The thrust of this alleged scoop was that the Department of Health and Human Services had authored a report that showed the costs of health care rising as a result of the new legislation. But the shocking part was the allegation that the report was suppressed by HHS and/or the White House prior to the vote in Congress.

Kelly spent almost seven minutes discussing this would-be scandal with Fox’s chief news anchor, Bret Baier, not some opinion show host like Sean Hannity. That’s seven minutes of valuable airtime devoted to a story that was picked up from the uber-conservative American Spectator, authored by someone who calls himself “the Prowler,” and backed up by a single anonymous source. And all of this was discussed after conceding that the story was unconfirmed.

Well, half an hour later, Kelly brings Baier back for a followup and guess what? The story was completely false. The HHS denied it and provided a timeline to document the course of events.

This perfectly illustrates the inner workings of Fox News and their standards for journalism. They will not hesitate to disseminate suspect information that is not backed up in the way that a responsible press operation would consider routine. Once their dubious report is released into the media atmosphere it is almost impossible to retrieve. There will have been numerous regurgitations on blogs and other Internet news sites. Emails will have started bouncing around the web even before Kelly finished the first bogus report. And by the time the truth is revealed, the lies are a part of the common knowledge in Wingnutia.

Rather than wait until a story has been checked out and confirmed, Fox News just lets it fly and crosses their fingers. Then when the facts become apparent they laugh it off or even portray it as an asset. This is what Kelly did after Baier crushed the HHS story. She proudly told her audience that “you saw it all unfold live, right here.” Indeed we did. We saw the poorly sourced, untrue accusations of a right-wing muckraker broadcast to millions over the air as if it were news. Then, if we were still tuned in, we saw the retraction of a story that was never fit to be aired in the first place.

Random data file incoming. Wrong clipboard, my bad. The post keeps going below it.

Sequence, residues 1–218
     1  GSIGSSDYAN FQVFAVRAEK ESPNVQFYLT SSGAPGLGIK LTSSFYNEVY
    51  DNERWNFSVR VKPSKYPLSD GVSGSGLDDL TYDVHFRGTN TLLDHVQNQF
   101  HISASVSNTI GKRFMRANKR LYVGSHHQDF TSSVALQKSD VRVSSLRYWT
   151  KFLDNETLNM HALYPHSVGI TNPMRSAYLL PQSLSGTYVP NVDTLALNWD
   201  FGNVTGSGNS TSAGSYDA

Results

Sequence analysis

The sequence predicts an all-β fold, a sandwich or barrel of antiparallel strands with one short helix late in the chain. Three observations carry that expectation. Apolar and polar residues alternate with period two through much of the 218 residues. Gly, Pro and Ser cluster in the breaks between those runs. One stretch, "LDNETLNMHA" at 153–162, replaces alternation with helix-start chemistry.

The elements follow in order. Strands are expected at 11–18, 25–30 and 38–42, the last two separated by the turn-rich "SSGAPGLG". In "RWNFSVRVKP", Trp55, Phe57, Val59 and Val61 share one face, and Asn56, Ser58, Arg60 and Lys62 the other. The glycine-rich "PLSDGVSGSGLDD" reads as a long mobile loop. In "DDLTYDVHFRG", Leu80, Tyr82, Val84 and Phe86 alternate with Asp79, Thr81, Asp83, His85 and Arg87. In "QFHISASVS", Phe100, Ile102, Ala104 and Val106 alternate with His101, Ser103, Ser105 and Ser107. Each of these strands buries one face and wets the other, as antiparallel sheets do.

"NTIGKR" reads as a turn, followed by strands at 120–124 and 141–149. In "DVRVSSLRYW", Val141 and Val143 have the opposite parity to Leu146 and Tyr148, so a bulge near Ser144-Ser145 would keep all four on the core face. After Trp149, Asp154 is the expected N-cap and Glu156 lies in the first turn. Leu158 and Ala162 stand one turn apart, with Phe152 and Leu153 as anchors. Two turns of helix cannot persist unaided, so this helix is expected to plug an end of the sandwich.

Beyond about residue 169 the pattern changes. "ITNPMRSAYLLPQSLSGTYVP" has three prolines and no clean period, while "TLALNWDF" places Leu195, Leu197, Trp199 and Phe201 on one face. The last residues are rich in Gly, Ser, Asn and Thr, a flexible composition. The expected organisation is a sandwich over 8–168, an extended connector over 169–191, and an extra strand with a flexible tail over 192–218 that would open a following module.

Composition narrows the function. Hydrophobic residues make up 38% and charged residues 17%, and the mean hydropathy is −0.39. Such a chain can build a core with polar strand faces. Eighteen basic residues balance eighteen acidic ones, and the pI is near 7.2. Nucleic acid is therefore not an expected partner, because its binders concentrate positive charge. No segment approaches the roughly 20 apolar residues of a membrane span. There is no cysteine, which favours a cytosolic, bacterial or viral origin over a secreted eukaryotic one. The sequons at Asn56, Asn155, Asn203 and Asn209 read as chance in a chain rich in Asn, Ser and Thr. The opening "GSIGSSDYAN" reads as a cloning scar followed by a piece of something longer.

Nice work Fox.

Bret Baier: The Same Old Fox News Nonsense

The Washington Managing Editor for Fox News, and anchor of Special Report, Brit Hume, has now officially moved from the anchor chair to the rocking chair. In his place is Bret Baier, who was interviewed today by Howard Kurtz of the Washington Post.

Baier considers himself an independent (so does Bill O’Reilly), but his remarks in this interview reveal a somewhat more partisan stance. For instance, he commented on the presidential campaing saying…

“…this campaign has at times been an easy ride for the Obama team. If that were to continue, people would be disappointed.

That would be true if what he means by an “easy time” is having the press continually harangue the candidate as a radical, Socialist, Muslim-raised, inexperienced, unpatriotic, elitist, who palled around with terrorists. Sure, it was a breeze. And I think that the people Baier asserts would be disappointed are Republicans and Fox viewers. But the next comment by Baier may well disappoint those viewers:

“Fox doesn’t have to be in a mode of attack…”

No, it doesn’t “have to be.” That’s just the way they like it. But the newsmaking moment of the interview came when Baier said:

“I hope the media will cover the Obama administration with as much aggressiveness as they covered the Bush administration.”

Really? So Baier wants the media to sit back and let Obama get away with things like lying to initiate an illegal war; with usurping power by presidential fiat; with rolling back Constitutional rights; with demonstrating ignorance and arrogance as he drives the nation into a death spiral? Does Baier want the press to attend parties with Obama and dispatch lobbyists seeking favor for their corporate enterprises? All of that would have to happen for the media to cover Obama as they did Bush.

In this era of change, the only thing changing at Fox News is the scowling old visage of Brit Hume for a younger, smiling version of the same thing.